Food, Drug, and Cosmetic Act of 1938

Food, Drug, and Cosmetic Act of 1938

The Federal Food, Drug, and Cosmetic Act of 1938 greatly increased both the FDA’s regulatory power and the scope of its attentions.  The law expanded the agency’s focus beyond fraud to encompass safety as well. Most importantly, the 1938 act was the first law to require the testing of drugs before they were sent to market. It also banned drugs that didn’t list all their active ingredients. The Food, Drug and Cosmetic Act expanded the FDA’s authority to cover all medical devices and all cosmetics (with the exception of soap), and provided stronger regulation over deceptive packaging for food containers. 

Commentary

US Capitol building

Darrel Issa’s Government Handover

January 05, 2011

Cry Wolf Quotes

Unlimited power entrusted to bureaucrats warps their judgment on the opinions they might have as normal citizens.

-
William L. Daley of the National Editorial Association warned.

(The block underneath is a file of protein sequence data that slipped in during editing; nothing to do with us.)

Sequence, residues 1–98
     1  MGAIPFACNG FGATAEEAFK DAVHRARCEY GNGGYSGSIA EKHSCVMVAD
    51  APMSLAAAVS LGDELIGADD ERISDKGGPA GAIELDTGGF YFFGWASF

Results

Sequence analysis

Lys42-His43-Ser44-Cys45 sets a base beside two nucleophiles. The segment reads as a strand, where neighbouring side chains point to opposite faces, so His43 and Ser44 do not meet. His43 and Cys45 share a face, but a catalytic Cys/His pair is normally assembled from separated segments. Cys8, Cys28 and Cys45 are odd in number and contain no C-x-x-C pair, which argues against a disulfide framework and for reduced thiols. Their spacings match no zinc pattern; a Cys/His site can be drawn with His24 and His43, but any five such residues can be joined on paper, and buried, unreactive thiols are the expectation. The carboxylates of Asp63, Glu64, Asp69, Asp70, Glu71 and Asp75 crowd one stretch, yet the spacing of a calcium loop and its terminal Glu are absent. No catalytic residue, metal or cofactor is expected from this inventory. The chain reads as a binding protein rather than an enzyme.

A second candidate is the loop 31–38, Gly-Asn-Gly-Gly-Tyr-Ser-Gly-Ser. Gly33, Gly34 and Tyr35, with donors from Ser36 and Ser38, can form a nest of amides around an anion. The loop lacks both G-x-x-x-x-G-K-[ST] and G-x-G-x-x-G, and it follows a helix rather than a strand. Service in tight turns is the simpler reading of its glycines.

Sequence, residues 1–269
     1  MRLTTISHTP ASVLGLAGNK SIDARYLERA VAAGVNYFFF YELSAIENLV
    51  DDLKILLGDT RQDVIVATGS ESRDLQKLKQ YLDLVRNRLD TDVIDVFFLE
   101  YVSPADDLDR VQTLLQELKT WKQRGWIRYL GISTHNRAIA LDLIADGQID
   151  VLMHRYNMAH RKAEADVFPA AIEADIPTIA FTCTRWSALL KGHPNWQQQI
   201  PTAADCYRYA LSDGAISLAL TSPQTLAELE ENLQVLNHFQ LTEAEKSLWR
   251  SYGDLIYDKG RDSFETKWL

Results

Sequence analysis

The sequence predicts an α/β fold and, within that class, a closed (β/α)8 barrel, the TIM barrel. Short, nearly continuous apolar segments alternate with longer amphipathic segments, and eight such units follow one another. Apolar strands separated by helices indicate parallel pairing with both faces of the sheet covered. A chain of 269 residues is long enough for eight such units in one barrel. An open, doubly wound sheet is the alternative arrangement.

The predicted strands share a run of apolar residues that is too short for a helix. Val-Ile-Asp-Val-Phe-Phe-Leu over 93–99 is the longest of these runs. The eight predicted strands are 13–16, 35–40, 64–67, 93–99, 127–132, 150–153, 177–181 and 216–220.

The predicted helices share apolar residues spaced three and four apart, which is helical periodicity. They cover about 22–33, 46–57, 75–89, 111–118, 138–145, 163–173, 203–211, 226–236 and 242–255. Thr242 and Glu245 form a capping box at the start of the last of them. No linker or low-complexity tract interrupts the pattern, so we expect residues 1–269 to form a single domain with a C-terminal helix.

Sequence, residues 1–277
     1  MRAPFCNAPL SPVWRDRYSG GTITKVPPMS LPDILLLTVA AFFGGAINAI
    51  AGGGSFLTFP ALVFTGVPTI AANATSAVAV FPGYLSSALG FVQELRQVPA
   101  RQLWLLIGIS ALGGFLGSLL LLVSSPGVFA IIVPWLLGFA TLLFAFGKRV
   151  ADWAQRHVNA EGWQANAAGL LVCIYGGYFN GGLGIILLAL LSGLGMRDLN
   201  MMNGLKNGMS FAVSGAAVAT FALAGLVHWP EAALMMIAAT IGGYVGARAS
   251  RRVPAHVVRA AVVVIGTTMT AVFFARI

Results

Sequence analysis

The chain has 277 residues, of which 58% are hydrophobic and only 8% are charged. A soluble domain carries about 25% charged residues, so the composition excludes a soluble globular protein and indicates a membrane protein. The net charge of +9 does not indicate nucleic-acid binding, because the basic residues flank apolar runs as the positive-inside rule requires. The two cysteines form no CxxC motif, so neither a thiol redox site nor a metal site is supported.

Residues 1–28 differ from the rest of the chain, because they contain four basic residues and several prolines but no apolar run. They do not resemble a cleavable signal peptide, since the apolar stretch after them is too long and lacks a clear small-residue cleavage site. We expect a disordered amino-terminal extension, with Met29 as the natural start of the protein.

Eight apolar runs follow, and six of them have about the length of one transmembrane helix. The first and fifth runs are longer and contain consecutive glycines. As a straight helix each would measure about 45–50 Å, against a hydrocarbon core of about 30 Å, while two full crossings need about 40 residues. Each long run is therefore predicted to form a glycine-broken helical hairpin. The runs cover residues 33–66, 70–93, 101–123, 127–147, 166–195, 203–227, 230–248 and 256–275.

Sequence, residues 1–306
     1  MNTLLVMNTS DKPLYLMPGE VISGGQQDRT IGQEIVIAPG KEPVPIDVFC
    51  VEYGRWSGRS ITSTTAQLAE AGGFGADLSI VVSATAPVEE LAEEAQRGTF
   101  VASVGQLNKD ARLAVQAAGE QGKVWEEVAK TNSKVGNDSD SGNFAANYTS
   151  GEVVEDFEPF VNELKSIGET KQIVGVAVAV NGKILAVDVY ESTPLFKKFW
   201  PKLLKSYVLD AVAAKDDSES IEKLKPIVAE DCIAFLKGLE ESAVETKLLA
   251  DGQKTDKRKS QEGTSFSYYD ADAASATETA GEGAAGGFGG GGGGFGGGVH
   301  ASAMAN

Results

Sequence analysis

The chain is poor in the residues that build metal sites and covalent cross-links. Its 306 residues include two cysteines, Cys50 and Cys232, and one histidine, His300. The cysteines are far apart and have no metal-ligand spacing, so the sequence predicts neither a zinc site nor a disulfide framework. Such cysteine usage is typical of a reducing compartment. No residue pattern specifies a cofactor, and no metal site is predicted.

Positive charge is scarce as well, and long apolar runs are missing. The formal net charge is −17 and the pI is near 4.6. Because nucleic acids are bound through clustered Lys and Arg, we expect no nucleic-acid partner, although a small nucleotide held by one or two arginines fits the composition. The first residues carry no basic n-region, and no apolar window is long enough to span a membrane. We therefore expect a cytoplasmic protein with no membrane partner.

You are about to lose a substantial amount of advertising revenue from food, cosmetic and drug manufacturers…You need to bring all the personal pressure you can upon your Senators and Representatives. You need to enlighten and thereby arouse your public against this bill that is calculated to greatly restrict personal rights….We would be only one of the many drug, cosmetic, and food advertisers who will be forced to liquidate in this manner.

-
One pharmaceutical company representative to a newspaper (neither one is specified).

The disastrous provisions of this bill could wreck the industry of pharmacy.

-
Bruce Philip, Counsel for the National Association of Retail Druggists,testimony to the Senate Committee on Commerce

If this bill should become law, we will be forced to cancel immediately every line of advertising.

-
One patent-medicine maker (unnamed) had written to multiple newspapers with the warning.